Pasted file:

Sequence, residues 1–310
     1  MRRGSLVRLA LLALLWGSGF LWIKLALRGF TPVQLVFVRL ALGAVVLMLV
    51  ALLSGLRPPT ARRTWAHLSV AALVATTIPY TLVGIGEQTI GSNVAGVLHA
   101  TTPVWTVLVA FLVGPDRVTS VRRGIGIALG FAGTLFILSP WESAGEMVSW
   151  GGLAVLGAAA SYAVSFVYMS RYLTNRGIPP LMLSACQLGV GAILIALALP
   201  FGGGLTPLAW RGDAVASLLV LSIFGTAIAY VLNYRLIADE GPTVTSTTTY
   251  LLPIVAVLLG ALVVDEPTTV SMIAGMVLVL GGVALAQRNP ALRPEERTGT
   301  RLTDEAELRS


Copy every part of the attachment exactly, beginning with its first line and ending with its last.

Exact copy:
Sequence, residues 1–310
     1  MRRGSLVRLA LLALLWGSGF LWIKLALRGF TPVQLVFVRL ALGAVVLMLV
    51  ALLSGLRPPT ARRTWAHLSV AALVATTIPY TLVGIGEQTI GSNVAGVLHA
   101  TTPVWTVLVA FLVGPDRVTS VRRGIGIALG FAGTLFILSP WESAGEMVSW
   151  GGLAVLGAAA SYAVSFVYMS RYLTNRGIPP LMLSACQLGV GAILIALALP
   201  FGGGLTPLAW RGDAVASLLV LSIFGTAIAY VLNYRLIADE GPTVTSTTTY
   251  LLPIVAVLLG ALVVDEPTTV SMIAGMVLVL GGVALAQRNP ALRPEERTGT
   301  RLTDEAELRS